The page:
Redefining Resilience

FEU Advocate
August 14, 2021 08:08

By Ma. Emilia Nicole D. Bertulfo

Filipino’s undoubted resilience to power through adversity is not tantamount to an arsenal of tools to combat disaster effects nor does it preclude us to demand a leadership fueled by real action and accountability.

Following the phreatomagmatic eruption of the Taal Volcano last July 1, a horrifying recollection of death and destruction brought forth and sparked last year’s trauma and scarring wounds. 

High-risk barangays in Batangas and residents living near the Taal Volcano Island were prompted by the Philippine Institute of Volcanology and Seismology (PHIVOLCS) to evacuate for their utmost safety and security after Taal Volcano’s unrest reached Alert Level 3 generating short-lived dark plumes one kilometer high.

Amid the gravity of the agency’s alert warning, President Rodrigo Duterte downplayed the gravity of the agency’s warning and cracked an uncalled deadpan jest of putting a cap on the deadly crater.

With the situation taken lightly without a high regard for its repercussions, not only does this comedic commentary jeopardize the life and well-being of thousands of Filipinos but more so implicates a leadership tainted with poor accountability and no concretized plan of action at hand.

Recent news about Taal’s strong volcanic tremors were recorded last August 12 with magnitude 2.6 and 4.1, respectively which were felt at Intensity II. Given Taal’s activeness and potential threats, can we expect an engaged disaster preparedness and prevention or at the very least not receive an unwarranted, futile comic relief from the President himself?

All we are yearning for are reassurance of relief efforts, aid distribution, and reliable government response, but concerned communities were left in the dark to fend for themselves scrambling for decisive leadership, but were found nowhere in sight. 

Amidst trials and tribulations brought by Taal’s volatility, Filipinos have always lauded and prided themselves with their unwavering resilience withstanding every aftermath of natural calamity there ever was. A term that has been overused after being battered by harrowing natural forces to poorly excuse and justify accountability and responsibility from supposedly elected leaders who are tasked to prevent imminent danger in the first place.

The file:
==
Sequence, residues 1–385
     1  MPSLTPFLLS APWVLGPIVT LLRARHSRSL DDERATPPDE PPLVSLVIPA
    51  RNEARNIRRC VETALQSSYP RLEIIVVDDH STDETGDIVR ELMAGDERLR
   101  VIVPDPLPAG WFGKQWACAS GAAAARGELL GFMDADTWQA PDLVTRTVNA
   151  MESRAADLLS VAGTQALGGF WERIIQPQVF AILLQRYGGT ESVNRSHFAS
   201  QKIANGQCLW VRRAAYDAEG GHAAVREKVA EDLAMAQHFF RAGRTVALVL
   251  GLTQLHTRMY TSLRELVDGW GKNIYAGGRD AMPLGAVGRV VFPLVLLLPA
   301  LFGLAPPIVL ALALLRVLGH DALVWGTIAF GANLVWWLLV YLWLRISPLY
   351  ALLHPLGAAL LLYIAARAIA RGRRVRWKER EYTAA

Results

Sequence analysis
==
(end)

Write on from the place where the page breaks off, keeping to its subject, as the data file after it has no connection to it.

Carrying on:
While it is by no means a negative characteristic to possess given the challenges that lie ahead – to what extent will our last ounce of resilience ever be enough?

Headline after headline, year after year, and story after story – “Filipino resiliency” has been an ongoing vicious cycle to the point that we have been accustomed and desensitized to the horrors brought by these calamities given our unique geographical situation and current political landscape. But sadly in the middle of this chaos, we have forgotten to ask ourselves the real question as to why Filipinos needed to be resilient in the first place.

Rather than focusing on rehabilitating and rebuilding communities afterward, we need to shift from the reactionary type of approach during disasters and instead foster a precautionary culture to prepare and avert potential damage. This is the reflection of a true, genuine resiliency – not the “Filipino resiliency” that we have been fooled to believe and have been credited with for so long.

Until the time comes when safety and protection come first, and an empathetic, transparent, and accountable leader stands among us – to demand and necessitate a leadership anchored on a government of the people, by the people, for the people – our call to action will continue to live on. 

(Illustration by Shalea Mae Minon/FEU Advocate)